Staggering Recall of 1.3 million BMWs Worldwide
BMW is claiming "in some remote cases" that the battery cable cover in the trunk may not be mounted properly in this most recent fire related problem. That could result in the electrical system malfunctioning, the vehicle failing to start, and, even worse, starting a fire. The affected vehicles are BMW 5 and 6 series built between 2003 and 2010.
This is being called a "quality measure" by BMW and it probably technically is because it is not a government-mandated recall. That could have been disastrous for BMW because it would have involved a recall notice from the National Highway Transportation Safety Administration and the European New Car Assessment Program (NCAP) as well as safety agencies across the globe.
According to published reports, 367,000 of the vehicles are in the U.S., while 109,000 are reported to be in Britain. (See below for a link to one Londoner who has the right job for a BMW 5 series that might catch on fire.) The breakdown for the remainder of the recalls by country was not readily available.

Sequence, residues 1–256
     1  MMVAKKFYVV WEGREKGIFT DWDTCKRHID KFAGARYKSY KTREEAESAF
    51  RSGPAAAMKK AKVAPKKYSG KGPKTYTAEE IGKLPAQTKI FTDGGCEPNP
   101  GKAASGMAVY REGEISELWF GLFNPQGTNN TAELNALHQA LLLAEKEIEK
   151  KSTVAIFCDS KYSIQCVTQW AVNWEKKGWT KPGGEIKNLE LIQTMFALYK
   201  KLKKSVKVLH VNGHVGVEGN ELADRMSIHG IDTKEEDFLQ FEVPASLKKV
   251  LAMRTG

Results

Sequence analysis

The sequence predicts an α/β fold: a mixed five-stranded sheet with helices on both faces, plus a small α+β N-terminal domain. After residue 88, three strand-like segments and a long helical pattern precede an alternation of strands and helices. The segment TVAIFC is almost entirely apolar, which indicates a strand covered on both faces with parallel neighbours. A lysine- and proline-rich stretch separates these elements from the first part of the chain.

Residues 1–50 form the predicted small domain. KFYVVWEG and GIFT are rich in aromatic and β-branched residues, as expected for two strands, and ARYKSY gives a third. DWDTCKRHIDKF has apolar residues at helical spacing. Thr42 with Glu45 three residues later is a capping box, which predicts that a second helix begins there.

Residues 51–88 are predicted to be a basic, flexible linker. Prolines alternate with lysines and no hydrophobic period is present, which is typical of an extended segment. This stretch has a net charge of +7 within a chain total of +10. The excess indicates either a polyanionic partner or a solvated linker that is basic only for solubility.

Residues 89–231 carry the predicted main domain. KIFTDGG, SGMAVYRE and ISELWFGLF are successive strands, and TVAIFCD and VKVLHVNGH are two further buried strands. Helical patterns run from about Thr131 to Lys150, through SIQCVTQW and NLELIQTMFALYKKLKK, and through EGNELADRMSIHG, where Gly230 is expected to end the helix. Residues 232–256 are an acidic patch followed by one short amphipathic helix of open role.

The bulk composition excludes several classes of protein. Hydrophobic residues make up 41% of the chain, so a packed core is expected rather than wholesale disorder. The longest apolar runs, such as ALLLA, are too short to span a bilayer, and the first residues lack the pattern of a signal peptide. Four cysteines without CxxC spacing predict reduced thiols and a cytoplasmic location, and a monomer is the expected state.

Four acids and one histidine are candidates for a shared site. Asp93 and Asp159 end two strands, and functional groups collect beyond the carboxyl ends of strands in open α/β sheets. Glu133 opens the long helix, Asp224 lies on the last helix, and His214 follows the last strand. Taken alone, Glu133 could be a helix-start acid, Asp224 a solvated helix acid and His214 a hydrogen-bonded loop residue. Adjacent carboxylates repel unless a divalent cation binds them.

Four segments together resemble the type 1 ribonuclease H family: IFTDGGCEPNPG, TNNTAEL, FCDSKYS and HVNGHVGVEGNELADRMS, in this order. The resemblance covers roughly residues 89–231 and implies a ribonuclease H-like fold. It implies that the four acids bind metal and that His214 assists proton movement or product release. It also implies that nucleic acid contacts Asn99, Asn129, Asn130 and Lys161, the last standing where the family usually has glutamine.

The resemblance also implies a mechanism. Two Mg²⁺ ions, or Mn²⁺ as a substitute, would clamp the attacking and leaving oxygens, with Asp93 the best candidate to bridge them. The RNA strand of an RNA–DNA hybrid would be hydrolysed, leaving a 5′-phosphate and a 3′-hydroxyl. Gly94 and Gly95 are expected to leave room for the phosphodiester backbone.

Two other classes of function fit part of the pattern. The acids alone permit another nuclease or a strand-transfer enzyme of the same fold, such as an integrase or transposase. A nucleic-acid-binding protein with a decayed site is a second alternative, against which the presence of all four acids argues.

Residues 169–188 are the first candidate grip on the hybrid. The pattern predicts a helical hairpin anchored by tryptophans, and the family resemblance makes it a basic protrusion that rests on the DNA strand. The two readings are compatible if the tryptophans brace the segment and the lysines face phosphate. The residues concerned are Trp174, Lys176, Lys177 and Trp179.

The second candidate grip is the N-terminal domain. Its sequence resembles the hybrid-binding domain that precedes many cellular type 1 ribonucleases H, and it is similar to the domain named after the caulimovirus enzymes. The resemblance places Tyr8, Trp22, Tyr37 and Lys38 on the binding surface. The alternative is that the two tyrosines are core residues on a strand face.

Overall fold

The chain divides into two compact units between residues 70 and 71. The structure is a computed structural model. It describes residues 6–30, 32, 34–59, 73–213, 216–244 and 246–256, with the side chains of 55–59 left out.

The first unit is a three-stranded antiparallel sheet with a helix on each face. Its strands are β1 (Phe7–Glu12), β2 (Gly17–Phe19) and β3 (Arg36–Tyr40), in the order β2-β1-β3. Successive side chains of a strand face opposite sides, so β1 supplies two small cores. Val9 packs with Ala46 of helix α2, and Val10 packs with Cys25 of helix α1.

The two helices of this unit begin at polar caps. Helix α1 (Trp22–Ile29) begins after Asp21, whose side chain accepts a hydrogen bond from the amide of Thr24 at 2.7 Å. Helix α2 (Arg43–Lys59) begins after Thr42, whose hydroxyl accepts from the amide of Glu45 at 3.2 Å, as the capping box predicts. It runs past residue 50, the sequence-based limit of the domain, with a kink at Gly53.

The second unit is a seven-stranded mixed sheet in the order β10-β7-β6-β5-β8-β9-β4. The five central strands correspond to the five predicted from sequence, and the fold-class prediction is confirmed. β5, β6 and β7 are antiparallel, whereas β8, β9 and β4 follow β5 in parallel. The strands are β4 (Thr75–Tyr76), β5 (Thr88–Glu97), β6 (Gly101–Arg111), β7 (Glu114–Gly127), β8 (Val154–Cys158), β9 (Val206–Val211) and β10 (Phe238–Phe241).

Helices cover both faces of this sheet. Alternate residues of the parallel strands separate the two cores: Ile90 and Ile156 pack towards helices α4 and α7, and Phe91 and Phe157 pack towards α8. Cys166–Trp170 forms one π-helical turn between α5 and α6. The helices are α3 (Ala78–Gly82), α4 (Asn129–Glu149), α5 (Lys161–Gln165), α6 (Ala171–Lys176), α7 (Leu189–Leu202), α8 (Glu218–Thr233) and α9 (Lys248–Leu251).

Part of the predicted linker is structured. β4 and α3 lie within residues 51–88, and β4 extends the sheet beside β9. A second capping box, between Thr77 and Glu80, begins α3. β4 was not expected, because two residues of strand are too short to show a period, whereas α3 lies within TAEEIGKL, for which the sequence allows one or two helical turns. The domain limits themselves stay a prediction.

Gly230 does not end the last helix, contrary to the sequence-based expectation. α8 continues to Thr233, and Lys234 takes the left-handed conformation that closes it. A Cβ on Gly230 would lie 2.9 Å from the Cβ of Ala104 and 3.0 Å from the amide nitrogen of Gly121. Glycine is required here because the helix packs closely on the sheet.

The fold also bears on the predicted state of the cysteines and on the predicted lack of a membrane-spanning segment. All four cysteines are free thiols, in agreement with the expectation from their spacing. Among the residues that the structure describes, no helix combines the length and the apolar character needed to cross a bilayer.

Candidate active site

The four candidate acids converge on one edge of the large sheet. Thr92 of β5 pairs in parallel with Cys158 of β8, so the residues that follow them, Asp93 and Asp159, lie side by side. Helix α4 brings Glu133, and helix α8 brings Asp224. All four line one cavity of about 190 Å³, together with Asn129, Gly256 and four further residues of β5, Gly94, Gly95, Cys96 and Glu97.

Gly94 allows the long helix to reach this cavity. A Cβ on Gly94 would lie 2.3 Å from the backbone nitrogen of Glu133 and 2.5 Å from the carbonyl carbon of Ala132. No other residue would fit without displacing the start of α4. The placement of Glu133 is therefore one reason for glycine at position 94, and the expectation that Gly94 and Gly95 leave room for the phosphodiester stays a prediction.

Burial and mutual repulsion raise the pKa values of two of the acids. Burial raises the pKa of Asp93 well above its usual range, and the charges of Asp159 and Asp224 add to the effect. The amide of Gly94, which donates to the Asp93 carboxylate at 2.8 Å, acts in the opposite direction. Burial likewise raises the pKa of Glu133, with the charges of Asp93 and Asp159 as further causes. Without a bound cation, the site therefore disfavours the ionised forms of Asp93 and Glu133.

The 5 series is an important vehicle to BMW across the globe. In 2011, it sold 310,050 models, which represents 22 percent of BMW's overall 1.38 million vehicles sold.
The news of the recall is not yet posted on BMW's US media website. The information was announced on BMW's global media website.
The good news is it seems to be a relatively simple fix. It should only take 30 minutes at a BMW dealership. Owners will be notified in writing about the recall.
This is not the first fire related recall of BMW vehicles in 2012. Reuters reported that in January BMW had a global recall of 235,500 Mini vehicles, a step taken by the German automaker because electronic circuit boards could overheat and cause a vehicle fire. As with the fire concerns in the BMW 5 and 6 series, "BMW was unaware of accidents and injuries caused by the possible defect."
It is in a manufacturer's best interest to make that statement because it implies no prior knowledge of a problem. In instances where it does know of accidents and injuries, it would be required to report them.
A quick Google search did not show any instances of BMWs that caught fire in their trunks. But one owner might be happy that his employer is the London Fire Brigade. A YouTube video shows him driving his personal BMW 5 series to respond to a call.
In October 2011, the National Highway Transportation Safety Administration also ordered the recall of 32,000 BMWs in the U.S. because of a fire hazard in an electronic circuit board. The affected models, all from the 2008-11 model years, were the 5 Series, 5 Series Gran Turismo, 7 Series, X5 and X6 equipped with turbocharged 8- or 12-cylinder engines.